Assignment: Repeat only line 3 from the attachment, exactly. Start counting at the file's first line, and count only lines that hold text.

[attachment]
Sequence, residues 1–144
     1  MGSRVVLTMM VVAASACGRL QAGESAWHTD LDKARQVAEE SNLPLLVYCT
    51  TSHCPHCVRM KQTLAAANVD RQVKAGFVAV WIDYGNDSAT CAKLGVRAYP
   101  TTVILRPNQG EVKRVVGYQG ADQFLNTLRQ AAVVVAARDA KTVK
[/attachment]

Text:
    51  TSHCPHCVRM KQTLAAANVD RQVKAGFVAV WIDYGNDSAT CAKLGVRAYP